In This Issue:
S.C. Supreme Court Upholds Confidentiality and “Holdover” Inventions Assignment Clauses in Employment Agreement; The America Invents Act: The Big Lesson Learned In The First Year; and The U.S.Patent And Trademark Branch Office Near You.
Excerpt from S.C. Supreme Court Upholds Confidentiality and “Holdover” Inventions Assignment Clauses in Employment Agreement -
In its most significant employment law decision of 2012, Milliken & Co. v. Morin, the South Carolina Supreme Court addressed the enforceability of provisions in an employment agreement designed to protect the employer’s intellectual property from unfair competition.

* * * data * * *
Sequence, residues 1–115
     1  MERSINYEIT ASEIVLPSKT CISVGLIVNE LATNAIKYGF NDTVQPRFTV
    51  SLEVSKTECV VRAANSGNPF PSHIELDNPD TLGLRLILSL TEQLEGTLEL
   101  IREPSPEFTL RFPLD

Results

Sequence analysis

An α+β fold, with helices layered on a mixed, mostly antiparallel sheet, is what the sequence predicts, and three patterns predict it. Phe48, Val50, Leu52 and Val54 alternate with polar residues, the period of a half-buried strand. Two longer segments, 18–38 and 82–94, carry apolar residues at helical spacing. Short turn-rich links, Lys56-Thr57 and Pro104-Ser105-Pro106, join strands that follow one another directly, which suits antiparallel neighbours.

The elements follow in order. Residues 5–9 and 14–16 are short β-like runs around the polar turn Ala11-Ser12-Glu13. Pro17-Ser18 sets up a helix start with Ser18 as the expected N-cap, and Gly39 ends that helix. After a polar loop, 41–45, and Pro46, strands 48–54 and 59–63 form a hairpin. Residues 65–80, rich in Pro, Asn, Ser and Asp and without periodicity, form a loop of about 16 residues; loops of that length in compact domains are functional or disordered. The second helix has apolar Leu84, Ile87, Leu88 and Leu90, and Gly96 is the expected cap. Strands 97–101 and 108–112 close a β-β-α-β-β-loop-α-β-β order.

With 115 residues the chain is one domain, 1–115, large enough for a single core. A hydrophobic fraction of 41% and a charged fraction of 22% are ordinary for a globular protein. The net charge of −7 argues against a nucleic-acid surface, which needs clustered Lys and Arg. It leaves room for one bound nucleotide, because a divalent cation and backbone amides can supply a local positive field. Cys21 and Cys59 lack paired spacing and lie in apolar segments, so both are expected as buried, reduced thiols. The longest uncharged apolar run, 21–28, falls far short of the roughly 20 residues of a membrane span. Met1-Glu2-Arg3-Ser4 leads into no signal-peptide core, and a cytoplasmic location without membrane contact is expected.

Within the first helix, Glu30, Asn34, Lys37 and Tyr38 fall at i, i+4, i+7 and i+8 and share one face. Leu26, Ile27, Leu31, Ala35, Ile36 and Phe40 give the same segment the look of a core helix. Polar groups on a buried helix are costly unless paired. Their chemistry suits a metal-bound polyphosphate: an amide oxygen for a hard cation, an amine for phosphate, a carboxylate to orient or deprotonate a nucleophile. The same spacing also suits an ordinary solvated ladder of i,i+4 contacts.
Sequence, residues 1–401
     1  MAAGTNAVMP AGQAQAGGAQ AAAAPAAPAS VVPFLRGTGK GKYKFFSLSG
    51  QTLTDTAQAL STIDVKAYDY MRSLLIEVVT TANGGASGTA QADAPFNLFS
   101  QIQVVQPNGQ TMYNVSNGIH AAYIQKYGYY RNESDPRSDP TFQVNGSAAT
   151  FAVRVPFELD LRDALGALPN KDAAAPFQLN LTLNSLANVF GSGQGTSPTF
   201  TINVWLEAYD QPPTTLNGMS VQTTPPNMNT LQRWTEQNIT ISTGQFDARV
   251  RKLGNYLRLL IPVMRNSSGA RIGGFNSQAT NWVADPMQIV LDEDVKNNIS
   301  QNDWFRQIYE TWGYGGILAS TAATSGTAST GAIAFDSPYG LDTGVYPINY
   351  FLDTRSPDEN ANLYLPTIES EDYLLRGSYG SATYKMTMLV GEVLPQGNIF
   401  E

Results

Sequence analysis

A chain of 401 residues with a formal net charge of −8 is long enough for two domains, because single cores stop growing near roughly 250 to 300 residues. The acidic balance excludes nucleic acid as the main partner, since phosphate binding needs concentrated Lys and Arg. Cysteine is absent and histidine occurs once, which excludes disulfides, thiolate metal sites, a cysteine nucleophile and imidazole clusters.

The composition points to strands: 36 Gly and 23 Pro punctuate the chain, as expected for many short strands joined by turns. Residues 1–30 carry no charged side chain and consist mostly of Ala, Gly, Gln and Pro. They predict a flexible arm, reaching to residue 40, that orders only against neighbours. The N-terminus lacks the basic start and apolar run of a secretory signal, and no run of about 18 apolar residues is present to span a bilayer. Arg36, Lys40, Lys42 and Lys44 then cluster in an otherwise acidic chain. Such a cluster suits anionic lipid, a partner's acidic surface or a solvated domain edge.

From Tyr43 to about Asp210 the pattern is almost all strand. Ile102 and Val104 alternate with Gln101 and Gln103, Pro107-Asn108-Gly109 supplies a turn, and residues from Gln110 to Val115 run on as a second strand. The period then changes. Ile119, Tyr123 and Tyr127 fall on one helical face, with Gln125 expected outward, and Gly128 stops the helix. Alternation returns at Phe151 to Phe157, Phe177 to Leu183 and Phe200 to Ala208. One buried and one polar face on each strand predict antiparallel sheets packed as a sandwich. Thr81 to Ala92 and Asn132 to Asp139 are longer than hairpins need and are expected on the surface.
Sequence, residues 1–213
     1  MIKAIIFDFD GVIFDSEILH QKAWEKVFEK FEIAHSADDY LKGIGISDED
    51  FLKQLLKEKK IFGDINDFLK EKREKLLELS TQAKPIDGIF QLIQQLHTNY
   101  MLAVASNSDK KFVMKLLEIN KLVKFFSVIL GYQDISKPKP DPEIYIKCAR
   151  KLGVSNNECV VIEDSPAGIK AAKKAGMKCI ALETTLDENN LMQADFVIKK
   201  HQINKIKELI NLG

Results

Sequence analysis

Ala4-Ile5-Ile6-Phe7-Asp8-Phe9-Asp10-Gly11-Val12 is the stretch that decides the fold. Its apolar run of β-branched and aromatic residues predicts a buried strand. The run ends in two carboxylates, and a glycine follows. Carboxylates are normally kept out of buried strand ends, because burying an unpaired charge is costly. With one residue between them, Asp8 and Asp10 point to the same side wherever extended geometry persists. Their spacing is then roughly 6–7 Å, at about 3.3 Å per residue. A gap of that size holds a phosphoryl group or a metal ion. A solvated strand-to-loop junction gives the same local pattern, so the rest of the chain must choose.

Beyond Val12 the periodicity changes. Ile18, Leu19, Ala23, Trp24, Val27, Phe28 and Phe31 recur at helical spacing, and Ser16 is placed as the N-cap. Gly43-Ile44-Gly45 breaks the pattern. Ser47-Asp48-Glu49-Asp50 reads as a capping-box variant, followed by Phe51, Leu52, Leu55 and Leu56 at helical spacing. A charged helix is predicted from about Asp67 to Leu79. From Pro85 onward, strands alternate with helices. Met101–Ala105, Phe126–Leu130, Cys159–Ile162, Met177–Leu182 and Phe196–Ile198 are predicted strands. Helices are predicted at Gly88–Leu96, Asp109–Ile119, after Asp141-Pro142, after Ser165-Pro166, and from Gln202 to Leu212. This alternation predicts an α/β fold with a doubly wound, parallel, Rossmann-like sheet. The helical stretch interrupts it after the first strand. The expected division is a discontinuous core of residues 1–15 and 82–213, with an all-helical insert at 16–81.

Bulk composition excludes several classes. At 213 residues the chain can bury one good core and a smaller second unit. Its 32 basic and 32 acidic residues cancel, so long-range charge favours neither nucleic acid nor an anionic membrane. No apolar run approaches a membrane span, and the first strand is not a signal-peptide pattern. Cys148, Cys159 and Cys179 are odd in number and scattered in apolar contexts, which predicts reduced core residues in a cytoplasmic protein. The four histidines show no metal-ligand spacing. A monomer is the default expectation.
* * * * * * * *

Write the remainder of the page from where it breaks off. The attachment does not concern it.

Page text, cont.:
The case arose when one of Milliken’s research scientists and its team leader for the Advanced Yarns Team resigned to start a company to market a new type of fiber. The scientist had developed the idea for the new type of fiber while working for Milliken, and in the months following his resignation he used the idea he developed at Milliken to invent a new fiber. In the suit, Milliken alleged it owned the rights to the new fiber.
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